[USA] Two North Carolina dog owners are raising awareness of the dangers of blue-green algae after their beloved canines were killed by the toxic organisms last week.
Canine lovers Melissa Martin and Denise Mintz of Wilmington, North Carolina let their dogs – Harpo, a mixed breed doodle and two West Highland white terriers named Abby and Lizzy – take a swim in a local pond Thursday night.
The women didn’t know that the water was filled with the lethal algae-resembling bacteria commonly known as blue green algae.
They told CNN they thought the cyanobacteria they saw in the pond was flower blooms.
‘I wish I could do today over. I would give anything to have one more day with them,’ Martin wrote later on her Facebook page.
Fifteen minutes after the leaving the water that night, Abby started having a seizure. As the dog moms rushed to get Abby to the vet, Izzy and Harpo started to seize as well.
All three dogs were dead by midnight on Friday.
‘What started out as a fun night for them has ended in the biggest loss of our lives,’ Martin wrote. ‘We need your prayers. Not sure we’re strong enough to get through this without them.’
Despite her grieving, Martin is determined to make sure other dog owners know about the threat posed by blue green algae.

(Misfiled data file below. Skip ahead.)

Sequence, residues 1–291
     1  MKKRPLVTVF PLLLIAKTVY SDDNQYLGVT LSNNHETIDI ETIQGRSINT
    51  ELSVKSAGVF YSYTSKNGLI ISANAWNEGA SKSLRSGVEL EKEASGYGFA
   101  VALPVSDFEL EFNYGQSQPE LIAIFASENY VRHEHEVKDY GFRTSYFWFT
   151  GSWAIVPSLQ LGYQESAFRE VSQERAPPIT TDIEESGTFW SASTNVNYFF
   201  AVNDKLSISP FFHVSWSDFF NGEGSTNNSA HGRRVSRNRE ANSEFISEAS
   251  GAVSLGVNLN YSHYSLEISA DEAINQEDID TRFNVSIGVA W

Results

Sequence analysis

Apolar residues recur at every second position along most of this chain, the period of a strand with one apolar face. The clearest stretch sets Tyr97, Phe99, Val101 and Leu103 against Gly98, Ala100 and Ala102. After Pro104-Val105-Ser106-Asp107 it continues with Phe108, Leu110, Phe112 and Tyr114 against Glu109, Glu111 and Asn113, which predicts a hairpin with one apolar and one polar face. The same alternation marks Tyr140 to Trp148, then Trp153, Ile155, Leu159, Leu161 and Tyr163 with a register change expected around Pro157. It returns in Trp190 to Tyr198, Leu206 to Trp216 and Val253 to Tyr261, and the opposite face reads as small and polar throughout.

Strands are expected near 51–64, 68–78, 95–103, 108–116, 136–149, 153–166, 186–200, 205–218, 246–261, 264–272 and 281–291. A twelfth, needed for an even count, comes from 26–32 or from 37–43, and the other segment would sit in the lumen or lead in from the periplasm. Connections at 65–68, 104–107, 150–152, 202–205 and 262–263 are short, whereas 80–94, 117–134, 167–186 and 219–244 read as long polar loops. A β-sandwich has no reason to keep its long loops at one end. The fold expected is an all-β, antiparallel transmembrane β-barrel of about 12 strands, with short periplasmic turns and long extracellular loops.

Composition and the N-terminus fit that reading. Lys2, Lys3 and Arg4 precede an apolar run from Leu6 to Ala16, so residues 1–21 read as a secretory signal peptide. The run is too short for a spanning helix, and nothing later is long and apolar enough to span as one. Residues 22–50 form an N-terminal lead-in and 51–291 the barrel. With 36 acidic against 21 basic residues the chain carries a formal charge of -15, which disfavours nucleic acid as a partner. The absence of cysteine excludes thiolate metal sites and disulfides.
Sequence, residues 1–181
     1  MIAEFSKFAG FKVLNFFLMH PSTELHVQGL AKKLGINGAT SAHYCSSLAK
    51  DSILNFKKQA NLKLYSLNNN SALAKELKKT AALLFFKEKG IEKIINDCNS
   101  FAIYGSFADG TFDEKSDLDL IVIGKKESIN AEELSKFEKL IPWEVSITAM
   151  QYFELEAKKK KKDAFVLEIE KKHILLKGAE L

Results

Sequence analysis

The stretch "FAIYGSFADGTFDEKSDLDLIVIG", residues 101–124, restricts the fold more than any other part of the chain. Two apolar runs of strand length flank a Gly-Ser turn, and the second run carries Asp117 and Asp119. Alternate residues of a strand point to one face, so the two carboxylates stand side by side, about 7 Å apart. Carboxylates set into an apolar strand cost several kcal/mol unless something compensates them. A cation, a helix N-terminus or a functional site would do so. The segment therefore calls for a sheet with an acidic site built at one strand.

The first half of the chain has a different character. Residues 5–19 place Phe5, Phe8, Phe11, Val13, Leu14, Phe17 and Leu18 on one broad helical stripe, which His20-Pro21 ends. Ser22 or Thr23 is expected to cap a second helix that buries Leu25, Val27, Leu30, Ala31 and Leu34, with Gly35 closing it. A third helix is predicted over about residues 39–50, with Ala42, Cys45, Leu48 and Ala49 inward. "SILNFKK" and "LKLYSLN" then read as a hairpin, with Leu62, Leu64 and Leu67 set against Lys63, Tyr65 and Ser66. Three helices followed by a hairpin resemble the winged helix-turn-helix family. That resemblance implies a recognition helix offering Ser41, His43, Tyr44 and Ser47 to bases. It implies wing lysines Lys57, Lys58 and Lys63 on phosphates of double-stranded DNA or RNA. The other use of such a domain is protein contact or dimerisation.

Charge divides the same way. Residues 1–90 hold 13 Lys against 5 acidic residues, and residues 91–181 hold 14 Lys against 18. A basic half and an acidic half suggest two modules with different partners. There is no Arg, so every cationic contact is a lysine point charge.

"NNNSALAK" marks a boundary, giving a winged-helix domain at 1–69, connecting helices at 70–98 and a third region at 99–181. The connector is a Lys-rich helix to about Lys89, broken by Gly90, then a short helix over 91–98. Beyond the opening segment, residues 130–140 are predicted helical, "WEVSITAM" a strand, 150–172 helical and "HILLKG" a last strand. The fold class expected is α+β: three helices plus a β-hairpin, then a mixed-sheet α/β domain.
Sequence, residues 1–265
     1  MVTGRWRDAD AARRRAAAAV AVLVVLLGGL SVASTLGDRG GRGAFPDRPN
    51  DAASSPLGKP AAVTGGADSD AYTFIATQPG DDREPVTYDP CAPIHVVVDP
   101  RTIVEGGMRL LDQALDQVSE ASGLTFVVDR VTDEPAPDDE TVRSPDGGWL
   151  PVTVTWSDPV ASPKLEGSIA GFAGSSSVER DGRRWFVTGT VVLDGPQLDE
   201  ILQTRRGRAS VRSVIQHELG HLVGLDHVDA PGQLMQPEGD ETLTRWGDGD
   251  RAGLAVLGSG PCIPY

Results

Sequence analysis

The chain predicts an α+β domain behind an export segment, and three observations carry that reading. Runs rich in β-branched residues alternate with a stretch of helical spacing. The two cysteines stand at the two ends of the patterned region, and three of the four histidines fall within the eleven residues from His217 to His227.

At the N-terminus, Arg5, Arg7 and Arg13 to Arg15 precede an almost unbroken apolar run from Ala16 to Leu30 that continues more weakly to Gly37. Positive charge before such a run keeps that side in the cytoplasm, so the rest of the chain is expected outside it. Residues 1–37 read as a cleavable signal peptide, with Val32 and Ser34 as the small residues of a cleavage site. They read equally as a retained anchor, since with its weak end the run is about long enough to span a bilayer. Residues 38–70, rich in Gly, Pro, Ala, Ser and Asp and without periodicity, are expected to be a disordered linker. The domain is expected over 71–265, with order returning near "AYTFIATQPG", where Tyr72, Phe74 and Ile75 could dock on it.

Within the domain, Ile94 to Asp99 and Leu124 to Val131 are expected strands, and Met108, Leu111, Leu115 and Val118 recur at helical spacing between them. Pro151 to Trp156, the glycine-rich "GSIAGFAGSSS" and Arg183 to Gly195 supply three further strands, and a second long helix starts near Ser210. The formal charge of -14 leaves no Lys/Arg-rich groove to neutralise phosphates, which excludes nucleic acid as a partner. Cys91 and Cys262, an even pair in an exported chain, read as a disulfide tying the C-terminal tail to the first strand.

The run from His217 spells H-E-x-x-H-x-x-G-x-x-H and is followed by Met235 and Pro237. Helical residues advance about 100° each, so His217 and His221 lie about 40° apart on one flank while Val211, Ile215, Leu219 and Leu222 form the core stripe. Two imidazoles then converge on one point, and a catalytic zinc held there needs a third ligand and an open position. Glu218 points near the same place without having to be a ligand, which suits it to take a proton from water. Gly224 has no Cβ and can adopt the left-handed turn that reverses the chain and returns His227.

She started a GoFundMe page to raise awareness about the photosynthetic bacteria.
‘We are now on a mission to put signs at every body of water that can have this deadly bacteria,’ Martin said.
So far, the page has raised more than $2,700 and been shared more than 15,000 times on social media.
Business owner Wendy Reavis, who used Harpo as a therapy dog, wept as she wrote about the canine’s death Sunday night.
‘He was taken too soon. He had work to do, patient’s spirits to lift and a long life left to live!’ she wrote. ‘We must warn other pups and families about this blue-green algae … it’s deadly .. it’s fatal.’
Photo: Harpo (center), a mixed breed doodle, and two West Highland white terriers named Abby and Lizzy (pictured) died Thursday night after taking a swim in a Wilmington, North Carolina pond containing toxic blue green algae
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